It’s one thing when a major business rival continues to outpace you by delivering superior products and service.
It’s quite another when that competitive advantage is fueled by cheating.
The former is just a tough-luck-to-you scenario. The latter spells deceptive and wrongful commercial behavior that can be lawfully challenged by a harmed business via litigation providing for comprehensive and meaningful remedies.
Unfair competition: What does it entail?
Although a court will not customarily employ that above-cited “cheating” reference, that is essentially what unfair business competition is all about. An implied playing field exists for participants, along with judicial recognition that a company’s successes should owe to practices perceived to be fair within the context of a business setting.
To wit: It is OK to dominate the competition and your industry niche because of your superior business plan, perfect timing in introducing a new product or employment of top-notch talent.
Conversely, rivals have a legal right to call foul against a competitor who transcends the bounds of accepted commercial behavior. One in-depth legal overview of unfair competition spotlights some examples of that, including these:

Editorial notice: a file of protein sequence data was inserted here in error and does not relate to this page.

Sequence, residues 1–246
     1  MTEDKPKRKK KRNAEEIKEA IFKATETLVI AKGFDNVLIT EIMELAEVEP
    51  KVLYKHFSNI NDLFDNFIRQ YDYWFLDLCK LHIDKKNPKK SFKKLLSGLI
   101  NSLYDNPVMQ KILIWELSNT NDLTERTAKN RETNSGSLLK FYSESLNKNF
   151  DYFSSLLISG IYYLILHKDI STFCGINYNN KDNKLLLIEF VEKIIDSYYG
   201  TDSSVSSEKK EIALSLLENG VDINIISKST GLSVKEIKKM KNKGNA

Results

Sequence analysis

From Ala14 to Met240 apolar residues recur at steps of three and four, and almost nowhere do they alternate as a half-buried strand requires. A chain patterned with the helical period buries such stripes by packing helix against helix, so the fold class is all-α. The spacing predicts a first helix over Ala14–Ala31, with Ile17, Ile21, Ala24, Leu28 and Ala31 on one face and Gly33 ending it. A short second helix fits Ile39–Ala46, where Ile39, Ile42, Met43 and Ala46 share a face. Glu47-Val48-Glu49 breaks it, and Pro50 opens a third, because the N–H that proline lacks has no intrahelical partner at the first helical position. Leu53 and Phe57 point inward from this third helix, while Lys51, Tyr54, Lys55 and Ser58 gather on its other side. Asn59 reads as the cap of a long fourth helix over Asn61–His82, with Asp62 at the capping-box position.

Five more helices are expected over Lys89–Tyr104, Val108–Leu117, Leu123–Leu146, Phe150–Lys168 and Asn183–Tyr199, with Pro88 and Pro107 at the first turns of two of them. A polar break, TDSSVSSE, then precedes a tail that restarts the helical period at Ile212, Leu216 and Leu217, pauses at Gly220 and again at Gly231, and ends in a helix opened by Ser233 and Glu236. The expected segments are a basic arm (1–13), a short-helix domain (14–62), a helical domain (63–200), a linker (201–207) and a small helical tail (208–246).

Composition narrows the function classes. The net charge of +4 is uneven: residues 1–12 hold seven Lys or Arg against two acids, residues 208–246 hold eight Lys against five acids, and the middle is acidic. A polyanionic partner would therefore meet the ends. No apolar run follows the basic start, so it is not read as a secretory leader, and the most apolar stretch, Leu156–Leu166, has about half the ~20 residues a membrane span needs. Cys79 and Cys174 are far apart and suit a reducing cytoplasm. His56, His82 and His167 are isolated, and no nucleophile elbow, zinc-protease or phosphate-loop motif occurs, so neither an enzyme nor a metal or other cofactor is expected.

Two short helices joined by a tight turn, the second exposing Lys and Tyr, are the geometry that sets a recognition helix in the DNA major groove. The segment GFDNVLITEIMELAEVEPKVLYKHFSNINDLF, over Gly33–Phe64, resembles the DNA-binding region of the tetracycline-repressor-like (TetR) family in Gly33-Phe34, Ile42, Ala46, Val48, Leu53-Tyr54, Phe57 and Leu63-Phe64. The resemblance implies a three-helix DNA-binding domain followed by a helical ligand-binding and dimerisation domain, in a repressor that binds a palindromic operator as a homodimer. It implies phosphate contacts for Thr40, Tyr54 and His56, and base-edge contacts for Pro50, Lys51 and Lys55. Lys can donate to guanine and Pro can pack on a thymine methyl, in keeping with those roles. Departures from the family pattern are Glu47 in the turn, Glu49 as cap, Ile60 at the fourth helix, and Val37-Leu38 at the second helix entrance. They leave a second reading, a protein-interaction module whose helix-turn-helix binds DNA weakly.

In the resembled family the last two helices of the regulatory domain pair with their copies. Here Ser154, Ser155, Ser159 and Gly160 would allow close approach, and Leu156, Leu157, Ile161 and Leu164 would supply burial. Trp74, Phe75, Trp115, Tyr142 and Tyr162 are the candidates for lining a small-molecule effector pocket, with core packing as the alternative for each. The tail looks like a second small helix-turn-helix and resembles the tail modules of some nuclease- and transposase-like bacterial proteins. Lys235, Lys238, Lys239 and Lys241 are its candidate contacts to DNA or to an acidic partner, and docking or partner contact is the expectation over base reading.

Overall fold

- Infringement of a rival’s profitable trademark to confuse the public and siphon off customers
- Stealing of a competitor’s trade secret or other proprietary information/data
- “Bait and switch” tactics that prominently tout one product to consumers and then replace it with an inferior good
- Making material misrepresentations concerning warranties and performance
- False advertising (e.g., this pill will cure cancer)
Unfair competition falls within the realm of so-called “business torts,” which are commercial taboos punishable by law. Wrongdoing and resulting remedies are addressed under a broad panoply of protective legislation. The above overview stresses that unfair competition is regulated “through a combination of federal and state laws.”
Safeguarding against unfair competition: available remedies
Many states, including California, enable a wronged commercial plaintiff to seek both money damages and injunctive remedies, respectively. Losses suffered can be fully recouped, and a court can order a violator to stop committing tortious behavior.
Questions or concerns regarding business torts or any other types of unlawful commercial behavior can be directed to a results-oriented legal team with deep experience in litigation and transactional matters.